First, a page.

Editor Gideon Rose interviews Foreign Affairs author Fareed Zakaria about the policies and investments that prepare a nation for the future.
For the U.S. economy to reach its full potential, argues Edward Conard, Washington should decrease federal spending and ease government regulation. Fareed Zakaria demurs, contending that structural reform and government investment are what the U.S. economy needs most.
We built that: President Barack Obama visiting the Hoover Dam, October 2, 2012. (Kevin Lamarque / Courtesy Reuters)
In November, the American electorate, deeply unhappy with Washington and its political gridlock, voted to maintain precisely the same distribution of power -- returning President Barack Obama for a second term and restoring a Democratic Senate and a Republican House of Representatives. With at least the electoral uncertainty out of the way, attention quickly turned to how the country's lawmakers would address the immediate crisis known as the fiscal cliff -- the impending end-of-year tax increases and government spending cuts mandated by earlier legislation.
As the United States continues its slow but steady recovery from the depths of the financial crisis, nobody actually wants a massive austerity package to shock the economy back into recession, and so the odds have always been high that the game of budgetary chicken will stop short of disaster. Looming past the cliff, however, is a deep chasm that poses a much greater challenge -- the retooling of the country's economy, society, and government necessary for the United States to perform effectively in the twenty-first century. The focus in Washington now is on taxing and cutting; it should be on reforming and investing. The United States needs serious change in its fiscal, entitlement, infrastructure, immigration, and education policies, among others. And yet a polarized and often paralyzed Washington has pushed dealing with these problems off into the future, which will only make them more difficult and expensive to solve.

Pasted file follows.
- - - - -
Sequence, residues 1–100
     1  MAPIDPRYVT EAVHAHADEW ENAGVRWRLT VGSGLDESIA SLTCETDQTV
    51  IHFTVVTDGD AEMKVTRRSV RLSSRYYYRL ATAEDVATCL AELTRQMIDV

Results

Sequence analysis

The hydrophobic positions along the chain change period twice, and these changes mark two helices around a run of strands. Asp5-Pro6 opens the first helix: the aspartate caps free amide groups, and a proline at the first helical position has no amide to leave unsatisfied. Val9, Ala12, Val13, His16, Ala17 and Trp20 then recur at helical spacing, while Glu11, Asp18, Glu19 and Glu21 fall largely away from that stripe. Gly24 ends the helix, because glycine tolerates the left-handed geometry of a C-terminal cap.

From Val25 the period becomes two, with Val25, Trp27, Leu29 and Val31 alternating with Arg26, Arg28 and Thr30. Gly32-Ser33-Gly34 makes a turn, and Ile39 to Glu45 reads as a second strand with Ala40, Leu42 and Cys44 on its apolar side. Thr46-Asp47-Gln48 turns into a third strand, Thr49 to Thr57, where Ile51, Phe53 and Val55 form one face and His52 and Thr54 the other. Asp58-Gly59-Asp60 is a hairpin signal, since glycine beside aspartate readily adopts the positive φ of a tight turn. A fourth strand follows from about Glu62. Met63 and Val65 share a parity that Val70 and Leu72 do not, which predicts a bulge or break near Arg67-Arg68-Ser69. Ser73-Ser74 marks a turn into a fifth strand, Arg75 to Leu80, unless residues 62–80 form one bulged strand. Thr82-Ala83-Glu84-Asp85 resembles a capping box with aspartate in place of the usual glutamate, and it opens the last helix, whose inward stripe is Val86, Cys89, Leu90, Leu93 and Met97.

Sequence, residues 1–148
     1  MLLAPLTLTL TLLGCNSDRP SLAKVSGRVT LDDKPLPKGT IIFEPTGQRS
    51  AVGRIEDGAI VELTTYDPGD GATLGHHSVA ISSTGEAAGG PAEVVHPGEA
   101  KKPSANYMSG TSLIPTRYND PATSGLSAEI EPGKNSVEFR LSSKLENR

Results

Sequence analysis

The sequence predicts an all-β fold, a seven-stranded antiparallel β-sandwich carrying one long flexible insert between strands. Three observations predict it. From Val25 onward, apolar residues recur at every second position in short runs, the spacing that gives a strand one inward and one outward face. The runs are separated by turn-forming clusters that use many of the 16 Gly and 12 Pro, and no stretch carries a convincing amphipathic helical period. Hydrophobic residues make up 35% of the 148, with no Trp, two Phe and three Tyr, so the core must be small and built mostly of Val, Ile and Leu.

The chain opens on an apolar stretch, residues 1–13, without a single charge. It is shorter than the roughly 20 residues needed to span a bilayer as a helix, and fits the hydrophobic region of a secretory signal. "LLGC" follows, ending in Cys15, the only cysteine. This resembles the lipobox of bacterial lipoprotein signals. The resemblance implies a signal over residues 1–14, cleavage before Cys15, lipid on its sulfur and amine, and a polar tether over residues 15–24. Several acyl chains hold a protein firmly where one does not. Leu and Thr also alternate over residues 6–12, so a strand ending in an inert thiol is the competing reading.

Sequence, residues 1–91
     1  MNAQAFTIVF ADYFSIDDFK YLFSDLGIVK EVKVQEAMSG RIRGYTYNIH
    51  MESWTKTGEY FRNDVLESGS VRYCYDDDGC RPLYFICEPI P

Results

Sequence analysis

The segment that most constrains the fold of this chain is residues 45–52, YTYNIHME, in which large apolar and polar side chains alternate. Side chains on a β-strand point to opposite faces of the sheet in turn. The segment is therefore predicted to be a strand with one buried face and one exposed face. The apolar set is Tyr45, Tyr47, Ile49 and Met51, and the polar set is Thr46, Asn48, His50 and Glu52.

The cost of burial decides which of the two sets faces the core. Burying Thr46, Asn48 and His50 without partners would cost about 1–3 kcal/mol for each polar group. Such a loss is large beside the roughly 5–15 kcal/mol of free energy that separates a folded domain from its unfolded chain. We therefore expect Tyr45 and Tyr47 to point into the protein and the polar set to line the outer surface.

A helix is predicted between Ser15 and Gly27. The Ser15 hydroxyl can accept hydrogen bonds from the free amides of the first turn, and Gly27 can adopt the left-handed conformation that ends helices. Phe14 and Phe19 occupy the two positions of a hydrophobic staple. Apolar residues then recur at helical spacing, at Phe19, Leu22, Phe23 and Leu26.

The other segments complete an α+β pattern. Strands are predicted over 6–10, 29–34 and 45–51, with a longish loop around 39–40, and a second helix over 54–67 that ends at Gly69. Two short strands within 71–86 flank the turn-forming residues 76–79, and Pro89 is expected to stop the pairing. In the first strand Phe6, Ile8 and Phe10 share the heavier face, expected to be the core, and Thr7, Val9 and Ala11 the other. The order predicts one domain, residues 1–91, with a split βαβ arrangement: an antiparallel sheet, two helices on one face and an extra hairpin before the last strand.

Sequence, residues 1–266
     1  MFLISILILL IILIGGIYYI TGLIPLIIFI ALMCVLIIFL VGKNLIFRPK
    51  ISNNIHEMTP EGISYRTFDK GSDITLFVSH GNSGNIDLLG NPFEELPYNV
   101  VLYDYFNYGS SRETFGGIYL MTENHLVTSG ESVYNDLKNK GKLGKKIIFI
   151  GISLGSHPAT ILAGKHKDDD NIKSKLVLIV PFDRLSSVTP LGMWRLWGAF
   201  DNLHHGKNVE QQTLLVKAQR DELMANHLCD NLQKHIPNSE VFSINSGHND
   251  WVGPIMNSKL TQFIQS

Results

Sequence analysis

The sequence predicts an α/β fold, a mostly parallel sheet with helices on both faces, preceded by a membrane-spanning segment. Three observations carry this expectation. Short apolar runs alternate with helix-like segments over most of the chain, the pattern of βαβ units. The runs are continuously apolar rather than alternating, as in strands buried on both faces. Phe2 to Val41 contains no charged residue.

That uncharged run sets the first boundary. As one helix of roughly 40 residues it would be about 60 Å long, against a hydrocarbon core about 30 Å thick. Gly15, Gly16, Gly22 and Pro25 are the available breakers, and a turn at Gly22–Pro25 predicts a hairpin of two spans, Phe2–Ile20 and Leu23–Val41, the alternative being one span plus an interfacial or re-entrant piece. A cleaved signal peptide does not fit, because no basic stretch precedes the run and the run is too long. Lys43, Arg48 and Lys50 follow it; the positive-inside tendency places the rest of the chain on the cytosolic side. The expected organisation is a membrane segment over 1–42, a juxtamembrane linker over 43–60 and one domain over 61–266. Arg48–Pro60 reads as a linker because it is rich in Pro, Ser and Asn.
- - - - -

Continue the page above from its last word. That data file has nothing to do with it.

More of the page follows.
Studies show that the political divisions in Washington are at their worst since the years following the Civil War. Twice in the last three years, the world's leading power -- with the largest economy, the global reserve currency, and a dominant leadership role in all international institutions -- has come close to committing economic suicide. The American economy remains extremely dynamic. But one has to wonder whether the U.S. political system is capable of making the changes that will ensure continued success in a world of greater global competition and technological change. Is the current predicament, in other words, really a crisis of democracy?
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